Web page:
Breakthroughs are achieved not by the hopeful but by the desperate.
I was browsing the web on Sunday morning, looking for a feelgood song, when I came across this: an animated infographic of the cosmos.
Now there’s a way to start my day, I thought to myself. Nothing beats seeing space in its entirety, from Ground Earth all the way to the far confines of the known universe, stretching out over a whopping 13.7 billion light years, all in a matter of a few minutes, care of the American Museum of Natural History (AMNH) and its dedicated team of animators and data crunchers, all while having my morning cup of tea.
Talk about waking up to the bigger picture. The humongous tapestry. When the size of something is measured in the time it takes for light to cross it, you know you’re talking about something extraordinary. 300,000 km per second (186,000 miles per second) multiplied by 13.7 billion years amounts to a mind-bending number. Everything we have ever known, that ever was and ever will be, is encapsulated in a bubble that stretches from one end to another in a diameter created by the Big Bang in the midst of… well, whatever lies beyond the universe.
What is there outside the universe? Logically, nothing. The universe rose out of nothing and in nothing it resonates. It is surrounded by nothing, floating in nothing. Nothing defines it.
For anything to exist, something else has to exist on the side, acting as a frame of reference
Before you start wondering what philosophical tune I woke up to, let me point out two reasons why nothing holds the key.
One, to perceive the universe as an entity, one must step outside it, visualize it and define it from beyond the confines of its own existence. In fact, for anything to exist, something else has to exist on the side, acting as a frame of reference, or backdrop, against which the first item may be defined. Without such contrast, everything is unidentifiable and practically non-existent. Like the ocean to the amoeba that never evolved beyond it, and which is floating within it without a frame of reference outside it, we would be unable to see the H2O for the water and the colors for the bigger picture.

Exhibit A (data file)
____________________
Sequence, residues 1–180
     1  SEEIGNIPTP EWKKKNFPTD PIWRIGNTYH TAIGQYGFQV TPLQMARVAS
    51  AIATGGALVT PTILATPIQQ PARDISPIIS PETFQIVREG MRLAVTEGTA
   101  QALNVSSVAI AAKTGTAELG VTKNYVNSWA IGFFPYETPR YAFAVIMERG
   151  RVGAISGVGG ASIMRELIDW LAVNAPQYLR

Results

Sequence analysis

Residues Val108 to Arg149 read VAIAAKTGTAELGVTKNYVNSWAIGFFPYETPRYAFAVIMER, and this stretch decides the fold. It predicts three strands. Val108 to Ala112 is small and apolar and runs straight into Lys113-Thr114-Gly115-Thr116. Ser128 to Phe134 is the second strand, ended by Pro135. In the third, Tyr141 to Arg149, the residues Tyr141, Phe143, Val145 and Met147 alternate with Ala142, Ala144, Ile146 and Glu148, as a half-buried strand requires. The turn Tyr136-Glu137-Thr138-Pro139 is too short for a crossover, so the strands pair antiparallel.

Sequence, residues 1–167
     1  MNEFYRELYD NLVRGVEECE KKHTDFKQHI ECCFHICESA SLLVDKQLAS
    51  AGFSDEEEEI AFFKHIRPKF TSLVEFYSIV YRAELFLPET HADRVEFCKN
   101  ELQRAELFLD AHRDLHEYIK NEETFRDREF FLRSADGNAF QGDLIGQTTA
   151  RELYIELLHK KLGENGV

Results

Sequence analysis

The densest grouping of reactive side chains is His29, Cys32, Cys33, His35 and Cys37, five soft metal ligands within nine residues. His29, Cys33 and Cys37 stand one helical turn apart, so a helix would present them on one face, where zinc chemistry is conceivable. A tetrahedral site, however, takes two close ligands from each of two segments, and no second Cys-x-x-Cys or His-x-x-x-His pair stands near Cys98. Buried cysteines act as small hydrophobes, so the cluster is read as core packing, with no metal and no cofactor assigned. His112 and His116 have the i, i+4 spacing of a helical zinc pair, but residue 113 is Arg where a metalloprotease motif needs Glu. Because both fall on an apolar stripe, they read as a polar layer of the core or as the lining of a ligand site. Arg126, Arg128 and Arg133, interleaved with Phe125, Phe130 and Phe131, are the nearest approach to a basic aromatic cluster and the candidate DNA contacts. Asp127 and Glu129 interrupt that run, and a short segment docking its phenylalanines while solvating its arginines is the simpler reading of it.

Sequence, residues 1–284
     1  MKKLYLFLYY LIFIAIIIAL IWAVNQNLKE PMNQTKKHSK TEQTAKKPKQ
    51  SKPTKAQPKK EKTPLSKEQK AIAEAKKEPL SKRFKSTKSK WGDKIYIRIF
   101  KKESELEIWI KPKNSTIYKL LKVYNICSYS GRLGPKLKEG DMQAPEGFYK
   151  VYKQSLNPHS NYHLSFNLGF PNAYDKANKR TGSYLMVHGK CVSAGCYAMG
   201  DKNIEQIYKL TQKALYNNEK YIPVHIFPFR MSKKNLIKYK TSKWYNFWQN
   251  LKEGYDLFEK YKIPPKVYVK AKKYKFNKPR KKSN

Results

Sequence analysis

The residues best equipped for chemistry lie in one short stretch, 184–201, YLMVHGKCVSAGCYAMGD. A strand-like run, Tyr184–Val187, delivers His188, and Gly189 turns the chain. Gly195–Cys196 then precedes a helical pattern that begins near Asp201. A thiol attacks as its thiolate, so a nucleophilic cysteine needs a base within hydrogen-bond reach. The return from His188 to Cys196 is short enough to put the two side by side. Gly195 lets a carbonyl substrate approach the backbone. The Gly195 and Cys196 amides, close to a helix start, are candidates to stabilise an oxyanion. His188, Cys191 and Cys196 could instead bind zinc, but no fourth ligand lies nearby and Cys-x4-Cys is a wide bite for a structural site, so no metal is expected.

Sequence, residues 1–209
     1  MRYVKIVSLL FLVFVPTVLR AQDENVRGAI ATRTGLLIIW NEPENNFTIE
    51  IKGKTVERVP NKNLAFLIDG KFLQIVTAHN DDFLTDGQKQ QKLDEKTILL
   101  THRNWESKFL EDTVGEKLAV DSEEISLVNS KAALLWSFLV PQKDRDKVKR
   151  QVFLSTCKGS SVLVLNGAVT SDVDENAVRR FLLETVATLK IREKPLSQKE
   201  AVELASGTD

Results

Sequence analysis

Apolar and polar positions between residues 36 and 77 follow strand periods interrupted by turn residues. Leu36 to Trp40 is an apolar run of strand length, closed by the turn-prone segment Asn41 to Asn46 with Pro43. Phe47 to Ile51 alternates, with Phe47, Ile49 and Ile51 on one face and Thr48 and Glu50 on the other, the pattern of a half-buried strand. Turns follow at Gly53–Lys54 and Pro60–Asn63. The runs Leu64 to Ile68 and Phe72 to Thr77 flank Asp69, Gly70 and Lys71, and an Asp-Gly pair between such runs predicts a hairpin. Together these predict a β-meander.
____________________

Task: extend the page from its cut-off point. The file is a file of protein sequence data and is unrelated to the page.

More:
This defining contrast arises either from something different and opposite (light-dark, close-distant, good-bad) or from the absence of something (light-no light, matter-no matter… on-off).
On-off. 1-0. Something-nothing. The premise of the digital age.
On The Backdrop Of Nothing
Nothing is not the mere absence of things. It is the presence of said things in absentia.
Nothing is not the mere absence of things. It is the presence of said things in absentia. Together with the state of being fully present, nothing and something form the interlocked, interconnected steps in the sequence that sees things turned on and off, on and off, to compile the spectrum we call Reality.
Thus the universe, which came out of nothing and floats in nothing, can only be perceived in the midst of nothing, and from nothing it has to be seen for it to exist in the first place, as a digital function of One in an endless sea of Zero.
This sea is of course so vast, and the universe within it so small, that it probably contains a gazillion more bubbles like it. Universal amoebae floating in emptiness, defining it and being defined by it in turn. An ocean blotted with countless zero-one sequences, standing in the midst of what may be an even greater bubble, or series of bubbles, in a gargantuan zero-one chain that is interconnected across a scale that transcends all sense of distance, repeating itself in fractal loops.
In terms of numbers, this would translate to 13.7 billion light years multiplied by 13.7 billion light years several times over, just to get us started off, riddled with zeros equivalent to eternity, then multiplied by the digital functions contained within each one, then added together to form a scale that grows exponentially, defining universes (1′s) on the backdrop of voids (0′s) that lie between smaller and bigger sets, ad infinitum.
I just made this formula up to show the sheer range of what it means to envision the universe as a spec within an ocean of specs.
I also think I am hardly making sense anymore. The scales I am talking about are too big to have any meaning in practical terms.
Yet they are not irrelevant. The point of this exercise is to see the universe for what it is: a unit, a bubble with form, content and an outer membrane, beyond which nothing exists.
This is what the animators of AMNH have done. They have revealed the universe from a vantage point where no observation of any kind could ever be made, tracing out for us not only our known reality but also the ‘non-space’ beyond it.
I guess something can come from nothing after all.
In the second and final part of this article I will reveal the second reason why nothing holds the key to everything.